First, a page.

Overlooked, somewhat understandably, in the Pirates' season-ending loss to St. Louis Wednesday night was another episode in the A.J. Burnett saga, also known as, "I Am Special."
Astonishingly, Burnett was not available to pitch.
Since when isn't every rested pitcher available for an elimination game? Francisco Liriano, who pitched Sunday, was available. Why wasn't Burnett, who hadn't pitched since Thursday?
The pre-game explanation of manager Clint Hurdle didn't make a lot of sense.
He said, "Liriano could be available. And A.J., in his routine, I mean, one of the reasons we didn't pitch him here because some of the challenges, but he goes through an extensive routine to get ready. If we're going to put Liriano in play, which we've decided if we have to, we will. We're holding A.J. back for Game 1. Everybody else will be available."
There's no way Burnett's 'routine' should have prevented him from being available. When the decision was made to start Gerrit Cole, Burnett should have been told to be certain he is ready to pitch in relief. That he was not, raises questions about the level of his unhappiness about being bypassed for this crucial start. To be disappointed is understandable. To allow it to fester to the point the media was referencing the fact he was not happy is not.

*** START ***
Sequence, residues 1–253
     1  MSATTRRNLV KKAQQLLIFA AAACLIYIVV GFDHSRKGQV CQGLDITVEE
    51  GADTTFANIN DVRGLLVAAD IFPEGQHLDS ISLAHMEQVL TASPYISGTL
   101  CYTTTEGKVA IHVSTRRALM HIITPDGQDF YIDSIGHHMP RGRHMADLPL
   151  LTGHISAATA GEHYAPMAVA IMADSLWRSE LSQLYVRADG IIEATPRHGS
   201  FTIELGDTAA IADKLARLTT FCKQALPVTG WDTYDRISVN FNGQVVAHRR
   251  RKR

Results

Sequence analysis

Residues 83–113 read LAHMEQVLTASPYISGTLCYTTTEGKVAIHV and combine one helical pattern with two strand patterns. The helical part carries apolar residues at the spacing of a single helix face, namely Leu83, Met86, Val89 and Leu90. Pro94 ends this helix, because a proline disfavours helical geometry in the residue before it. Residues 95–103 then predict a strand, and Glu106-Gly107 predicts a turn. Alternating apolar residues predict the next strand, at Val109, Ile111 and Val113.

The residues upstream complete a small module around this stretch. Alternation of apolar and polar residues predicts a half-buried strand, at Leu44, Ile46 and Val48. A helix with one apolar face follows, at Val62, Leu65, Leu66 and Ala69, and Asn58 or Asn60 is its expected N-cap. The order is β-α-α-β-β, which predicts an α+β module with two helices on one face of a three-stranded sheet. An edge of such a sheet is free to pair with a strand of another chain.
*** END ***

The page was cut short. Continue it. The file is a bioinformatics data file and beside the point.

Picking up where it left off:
Burnett fashions himself a team leader. If that is so, he should have pushed his disappointment aside and pronounced himself as fully on board with Cole getting the start.
Every single barometer pointed to Cole. He had pitched better than Burnett in the final month of the season. He had pitched better against St. Louis. He had pitched better in this postseason. True, Burnett has the edge in postseason experience but what kind of advantage is it when your postseason ERA is 6.37? When your 2013 postseason ERA is 31.59?
Compounding this lunacy was the suggestion from Hurdle that Burnett would start Game 1 of the NLCS, if the Pirates had won. That defies logic and unless Liriano pitched in Game 5, which was unlikely, he was the clear and obvious choice to pitch the first game in the NLCS.
This smacks of the catering Hurdle has done with Burnett and, presumably, the catering Burnett expected.
It also seems to be a fairly clear indication that Burnett, scheduled to be a free agent, will not be giving the Pirates any home-town discount if he decides to pitch next season.
Then there's this terrific passage from Gene Collier's Wednesday column, which opens with Hurdle describing the decision-making process in determining a Game 5 starter:
"'It's a difficult decision because [Burnett] has meant so much, we've asked so much of him while he's been here. A.J. wants the ball every day he's scheduled to pitch. That's one of the things that's gotten him to the point, this point in his career and having success that he's had.
'You want to treat men professionally. Sometimes, we don't agree on things.'
"Two minutes after that, Hurdle was returning to his office when he encountered Burnett walking the other way in the concourse outside the locker room. Neither man looked at the other, Burnett staring down at his phone as he walked in what was either a snub or, more likely, your standard cell-phone etiquette."
And maybe not.
First Published October 9, 2013 8:17 PM